Federal executive branch departments and agencies have until October 16 to configure a policy-based email domain validation system configured with the strongest setting. Most domains already comply with the mandatory requirement but whitehouse.gov is not yet among them.
The requirement is part of the Binding Operational Directive 18-01 issued last year by the US Department of Homeland Security (DHS) that seeks to improve email and web security by gradually deploying standards widely adopted by the industry.
DHS wants all the email servers of second-level agency domains to add support for the STARTTLS protocol that encrypts messages in transit and enable the Domain-based Message Authentication, Reporting and Conformance (DMARC) system to combat phishing and spam emails.
DMARC is an authentication, policy and reporting protocol that allows senders and receivers to share their email information and validate the messages.
DMARC allows a domain owner to publish a policy that tells the receiver of an email what to do with the message if it does not pass validation.
The policy used by a domain owner is configured with the "p=" directive. A domain owner can choose between 'p=none,' 'p=quarantine', or 'p=reject' if they want no action taken on the message, move it to an isolated folder (such as Junk), or have the receiver reject all emails that fail the DMARC check.
DHS gave a deadline of one year for all 1,144 domains impacted by the directive to add valid DMARC records configured with the 'p=reject' policy.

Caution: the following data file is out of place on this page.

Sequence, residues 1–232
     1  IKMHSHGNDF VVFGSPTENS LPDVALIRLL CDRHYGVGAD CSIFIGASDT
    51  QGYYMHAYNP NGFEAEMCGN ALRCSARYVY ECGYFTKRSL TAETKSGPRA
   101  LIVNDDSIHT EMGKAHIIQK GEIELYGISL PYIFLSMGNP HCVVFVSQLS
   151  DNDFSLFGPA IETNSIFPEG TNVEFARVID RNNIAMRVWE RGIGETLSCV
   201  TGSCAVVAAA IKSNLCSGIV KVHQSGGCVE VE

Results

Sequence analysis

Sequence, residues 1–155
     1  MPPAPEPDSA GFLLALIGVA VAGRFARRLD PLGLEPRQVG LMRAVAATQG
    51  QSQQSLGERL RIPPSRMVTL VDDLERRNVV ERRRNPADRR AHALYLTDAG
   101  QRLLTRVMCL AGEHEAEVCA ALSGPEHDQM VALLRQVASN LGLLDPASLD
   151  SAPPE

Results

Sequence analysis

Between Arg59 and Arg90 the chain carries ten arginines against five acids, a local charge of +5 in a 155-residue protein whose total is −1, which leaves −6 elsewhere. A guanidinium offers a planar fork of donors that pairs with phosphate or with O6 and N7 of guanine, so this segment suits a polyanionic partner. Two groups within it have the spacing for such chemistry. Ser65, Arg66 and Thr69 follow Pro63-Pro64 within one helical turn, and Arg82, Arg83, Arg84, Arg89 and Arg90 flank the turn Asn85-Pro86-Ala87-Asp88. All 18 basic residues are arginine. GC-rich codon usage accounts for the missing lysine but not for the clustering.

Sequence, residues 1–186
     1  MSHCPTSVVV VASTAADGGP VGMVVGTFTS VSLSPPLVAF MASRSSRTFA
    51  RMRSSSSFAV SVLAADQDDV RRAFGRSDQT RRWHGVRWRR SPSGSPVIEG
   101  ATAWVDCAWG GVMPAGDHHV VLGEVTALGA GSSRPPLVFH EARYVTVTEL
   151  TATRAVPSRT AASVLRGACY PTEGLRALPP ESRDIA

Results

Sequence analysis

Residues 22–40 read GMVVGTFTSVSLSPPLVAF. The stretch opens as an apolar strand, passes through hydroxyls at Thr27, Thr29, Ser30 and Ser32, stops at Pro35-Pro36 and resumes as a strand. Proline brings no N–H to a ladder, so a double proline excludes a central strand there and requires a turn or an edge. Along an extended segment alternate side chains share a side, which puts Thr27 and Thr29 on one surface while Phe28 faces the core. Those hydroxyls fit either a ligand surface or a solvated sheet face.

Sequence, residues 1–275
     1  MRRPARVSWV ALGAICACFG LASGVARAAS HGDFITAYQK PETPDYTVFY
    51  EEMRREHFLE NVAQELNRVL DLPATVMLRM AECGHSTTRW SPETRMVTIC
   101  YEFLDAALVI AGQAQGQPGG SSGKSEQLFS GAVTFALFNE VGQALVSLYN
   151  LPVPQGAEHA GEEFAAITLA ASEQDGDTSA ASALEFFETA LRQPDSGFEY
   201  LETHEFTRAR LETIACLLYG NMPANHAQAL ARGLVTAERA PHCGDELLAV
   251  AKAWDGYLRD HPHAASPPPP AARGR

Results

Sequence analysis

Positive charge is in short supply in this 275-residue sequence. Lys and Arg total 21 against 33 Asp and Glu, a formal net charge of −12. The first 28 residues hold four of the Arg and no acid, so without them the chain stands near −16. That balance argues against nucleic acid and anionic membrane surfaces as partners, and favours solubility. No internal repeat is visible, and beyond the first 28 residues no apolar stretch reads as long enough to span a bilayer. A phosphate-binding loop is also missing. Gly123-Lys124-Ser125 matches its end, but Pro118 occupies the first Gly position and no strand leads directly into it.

According to the latest report from Agari email security company,DMARC adoption rate as of September 14 was at 83% among .gov domains, regardless of the policy implemented.
The number drops to 64% for executive branch domains that already run with the 'p=reject' policy. This translates to 727 domains.
The official website of the White House has a DMARC record set for 'p=none,' which is of no help to the receiver because it allows all emails, forged or not, to reach their inbox.
"A “p=none” policy means that the Domain Owner is not asking the Receiver to take action if a DMARC check fails," reads the official DMARC FAQ page.
Other defense methods can still protect the receiver from fraudulent emails, including spam filters, IP reputation, or SPF and DKIM mechanisms. but with p=none being implemented, an extra barrier is eliminated.
With a properly configured record, the domain owner will have greater visibility into what email is sent under their domain's name, alerting them of the abusive activity.
This is not possible, though, in the case of the White House domain. The lookup tool at MXToolsbox shows that the DMARC record is invalid, just like the email address required for receiving the reports.
The DHS binding directive is clear about the deadline, the DMARC policy to be set, and the percentage of messages the filtering should apply to.
DHS.gov has a correct DMARC syntax but the policy is currently set to 'quarantine.' Also, the message filtering value is set to 50%.